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Brother and Sister by Joanna Trollope
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Brother and Sister

by Joanna Trollope

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Showing 1-5 of 12 (next | show all)
I would have rated this 3.5 stars if half stars were an option. Much better than average, but I'm stingy with 4 and 5 star ratings so....... ( )
  Eye_Gee | May 8, 2017 |
http://nwhyte.livejournal.com/2723374.html

A novel about grownup siblings who have always known that they were adopted, and decide to find out about their birth parents, upending existing relationships with their adopted family and their spouses. I don't have personal experience of adoption myself, and I wonder whether Trollope really does either; the plot had no surprises and I didn't feel that the characters' reactions to their new self-knowledge rose much above cliche. It's a long time since I read any Joanna Trollope, and my memory is that her books were mostly better than this. ( )
  nwhyte | Dec 11, 2016 |
This book is about a search. It's about the effect it has on the main characters'spouses and children, and on their parents. I don't know how realistic the emotions are, but it felt very believable to me. I was caught up in everyone's feelings as I read, seeing multiple perspectives, aware that for every positive consequence there were also negative ones.

I didn't get quite such a sense of knowing all the characters myself as I do from (say) Rosamunde Pilcher's novels, nor did I find myself shocked out of preconceived ideas as I do often when reading Libby Purves' work. But I did feel I understood more after reading it. Joanna Trollope dealt fairly with all her people and brought the whole to a satisfactory conclusion. Recommended. ( )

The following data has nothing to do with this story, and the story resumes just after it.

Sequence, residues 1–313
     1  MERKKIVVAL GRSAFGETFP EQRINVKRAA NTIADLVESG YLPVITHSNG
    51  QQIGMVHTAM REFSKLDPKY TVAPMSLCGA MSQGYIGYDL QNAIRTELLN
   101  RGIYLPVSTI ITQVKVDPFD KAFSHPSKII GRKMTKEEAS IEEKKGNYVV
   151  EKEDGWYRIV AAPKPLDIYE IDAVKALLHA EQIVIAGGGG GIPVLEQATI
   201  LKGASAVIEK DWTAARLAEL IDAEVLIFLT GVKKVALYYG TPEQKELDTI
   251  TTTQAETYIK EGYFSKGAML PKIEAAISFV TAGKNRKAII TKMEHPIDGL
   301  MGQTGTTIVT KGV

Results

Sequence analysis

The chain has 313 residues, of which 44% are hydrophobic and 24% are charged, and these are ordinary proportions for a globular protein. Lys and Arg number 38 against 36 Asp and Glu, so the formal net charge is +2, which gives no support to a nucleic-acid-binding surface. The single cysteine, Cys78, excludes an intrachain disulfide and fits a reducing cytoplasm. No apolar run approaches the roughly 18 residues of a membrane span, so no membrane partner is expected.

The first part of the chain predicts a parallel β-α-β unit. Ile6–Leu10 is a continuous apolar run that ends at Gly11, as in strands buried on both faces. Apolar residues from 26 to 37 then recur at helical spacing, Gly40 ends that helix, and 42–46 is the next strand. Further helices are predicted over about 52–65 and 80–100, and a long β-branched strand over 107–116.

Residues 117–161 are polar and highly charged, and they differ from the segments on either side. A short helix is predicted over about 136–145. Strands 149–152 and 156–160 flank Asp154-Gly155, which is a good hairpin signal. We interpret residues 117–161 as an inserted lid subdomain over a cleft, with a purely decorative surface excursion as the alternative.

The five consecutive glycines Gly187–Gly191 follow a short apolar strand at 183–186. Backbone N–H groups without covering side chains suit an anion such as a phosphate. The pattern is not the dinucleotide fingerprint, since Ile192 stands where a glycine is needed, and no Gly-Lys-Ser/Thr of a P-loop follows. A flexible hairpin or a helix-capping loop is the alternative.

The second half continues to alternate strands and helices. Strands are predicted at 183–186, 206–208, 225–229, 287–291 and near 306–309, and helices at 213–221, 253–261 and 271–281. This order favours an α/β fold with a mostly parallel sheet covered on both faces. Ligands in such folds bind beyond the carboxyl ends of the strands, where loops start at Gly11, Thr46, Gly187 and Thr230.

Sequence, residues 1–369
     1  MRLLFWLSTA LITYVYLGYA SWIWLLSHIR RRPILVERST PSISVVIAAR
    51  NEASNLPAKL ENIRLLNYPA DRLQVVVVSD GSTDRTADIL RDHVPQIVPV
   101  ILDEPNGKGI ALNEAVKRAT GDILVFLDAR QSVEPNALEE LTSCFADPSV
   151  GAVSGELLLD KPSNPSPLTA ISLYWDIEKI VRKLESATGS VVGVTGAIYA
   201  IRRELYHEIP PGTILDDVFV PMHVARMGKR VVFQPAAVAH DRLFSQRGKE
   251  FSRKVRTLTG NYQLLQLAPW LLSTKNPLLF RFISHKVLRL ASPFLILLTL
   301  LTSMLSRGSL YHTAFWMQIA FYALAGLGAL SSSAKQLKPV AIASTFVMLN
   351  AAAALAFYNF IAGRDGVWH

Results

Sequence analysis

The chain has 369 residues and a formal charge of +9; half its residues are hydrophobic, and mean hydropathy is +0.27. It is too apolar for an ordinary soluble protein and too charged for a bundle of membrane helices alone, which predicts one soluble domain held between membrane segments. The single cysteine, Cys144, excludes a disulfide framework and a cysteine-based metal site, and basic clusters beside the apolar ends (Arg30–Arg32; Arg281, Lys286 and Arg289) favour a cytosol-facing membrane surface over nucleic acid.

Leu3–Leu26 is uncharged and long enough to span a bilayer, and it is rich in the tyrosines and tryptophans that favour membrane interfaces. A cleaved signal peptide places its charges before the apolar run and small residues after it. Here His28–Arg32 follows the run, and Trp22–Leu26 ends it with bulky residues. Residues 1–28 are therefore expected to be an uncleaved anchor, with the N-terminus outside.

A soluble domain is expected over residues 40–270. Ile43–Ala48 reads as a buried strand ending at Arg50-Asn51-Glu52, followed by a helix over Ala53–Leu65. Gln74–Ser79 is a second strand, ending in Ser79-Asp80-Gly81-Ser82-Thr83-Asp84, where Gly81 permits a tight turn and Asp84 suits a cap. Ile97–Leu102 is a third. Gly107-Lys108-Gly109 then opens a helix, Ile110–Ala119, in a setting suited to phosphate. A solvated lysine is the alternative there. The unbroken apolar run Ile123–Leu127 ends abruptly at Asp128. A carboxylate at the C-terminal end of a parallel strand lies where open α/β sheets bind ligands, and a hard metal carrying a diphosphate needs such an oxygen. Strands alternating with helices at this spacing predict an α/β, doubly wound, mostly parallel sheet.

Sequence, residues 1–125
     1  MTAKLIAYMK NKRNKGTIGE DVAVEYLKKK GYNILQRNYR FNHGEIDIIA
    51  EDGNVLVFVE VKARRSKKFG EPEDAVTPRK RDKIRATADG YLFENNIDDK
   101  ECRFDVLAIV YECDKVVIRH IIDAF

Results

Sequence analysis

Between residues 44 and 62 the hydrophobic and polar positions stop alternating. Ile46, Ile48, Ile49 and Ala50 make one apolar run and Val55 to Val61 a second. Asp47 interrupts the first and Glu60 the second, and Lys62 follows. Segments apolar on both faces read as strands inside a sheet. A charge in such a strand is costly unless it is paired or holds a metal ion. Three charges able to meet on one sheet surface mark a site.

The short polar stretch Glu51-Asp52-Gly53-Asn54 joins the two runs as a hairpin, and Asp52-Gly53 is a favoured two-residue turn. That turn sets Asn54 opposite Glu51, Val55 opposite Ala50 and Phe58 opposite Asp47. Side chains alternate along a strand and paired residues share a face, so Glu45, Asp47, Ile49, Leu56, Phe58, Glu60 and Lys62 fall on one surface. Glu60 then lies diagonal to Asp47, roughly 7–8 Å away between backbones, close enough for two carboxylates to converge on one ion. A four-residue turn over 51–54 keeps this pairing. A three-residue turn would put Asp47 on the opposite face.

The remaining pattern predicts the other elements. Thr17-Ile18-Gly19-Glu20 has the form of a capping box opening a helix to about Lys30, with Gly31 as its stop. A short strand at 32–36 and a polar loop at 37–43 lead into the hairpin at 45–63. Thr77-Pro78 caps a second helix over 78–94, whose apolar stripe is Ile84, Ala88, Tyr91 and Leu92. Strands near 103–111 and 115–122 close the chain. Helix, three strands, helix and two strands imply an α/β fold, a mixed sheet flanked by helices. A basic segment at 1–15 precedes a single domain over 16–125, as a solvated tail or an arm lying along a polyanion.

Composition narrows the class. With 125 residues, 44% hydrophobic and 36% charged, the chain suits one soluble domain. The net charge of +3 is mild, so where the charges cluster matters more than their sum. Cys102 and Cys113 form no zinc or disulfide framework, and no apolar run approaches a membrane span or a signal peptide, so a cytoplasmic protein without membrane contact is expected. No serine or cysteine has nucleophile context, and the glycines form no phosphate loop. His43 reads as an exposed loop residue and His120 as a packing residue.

SueinCyprus | Jan 26, 2016 |
This book is about a search. It's about the effect it has on the main characters'spouses and children, and on their parents. I don't know how realistic the emotions are, but it felt very believable to me. I was caught up in everyone's feelings as I read, seeing multiple perspectives, aware that for every positive consequence there were also negative ones.

I didn't get quite such a sense of knowing all the characters myself as I do from (say) Rosamunde Pilcher's novels, nor did I find myself shocked out of preconceived ideas as I do often when reading Libby Purves' work. But I did feel I understood more after reading it. Joanna Trollope dealt fairly with all her people and brought the whole to a satisfactory conclusion. Recommended. ( )
  SueinCyprus | Jan 26, 2016 |
Good premise, but failed story. The ending was a huge disappointment. I kept waiting for something big to happen, but it never did. ( )
  TraceyThomson | Nov 25, 2012 |
Showing 1-5 of 12 (next | show all)
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We all need to know where we come from, where we belong. But for David and Nathalie, this need is more urgent, because they are adopted. Brought up by the same parents, but born to two different mothers, Nathalie and David have grown up as brother and sister, and share a fierce loyalty. Their decision as adults to try to find their birth mothers is no straightforward matter. It affects, acutely and often painfully, their spouses and children, the people they work with, and, most poignantly, the two women who gave them up for adoption all those years ago. Exploring her subject with inimitable imagination and humanity, the celebrated author of Marrying the Mistress and The Rector’s Wife once again works her magic.
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David and Nathalie, adopted and raised by the same parents but born to different mothers, decide, in their thirties, to begin a painful journey to find their birth mothers, affecting their spouses, children, and co-workers.

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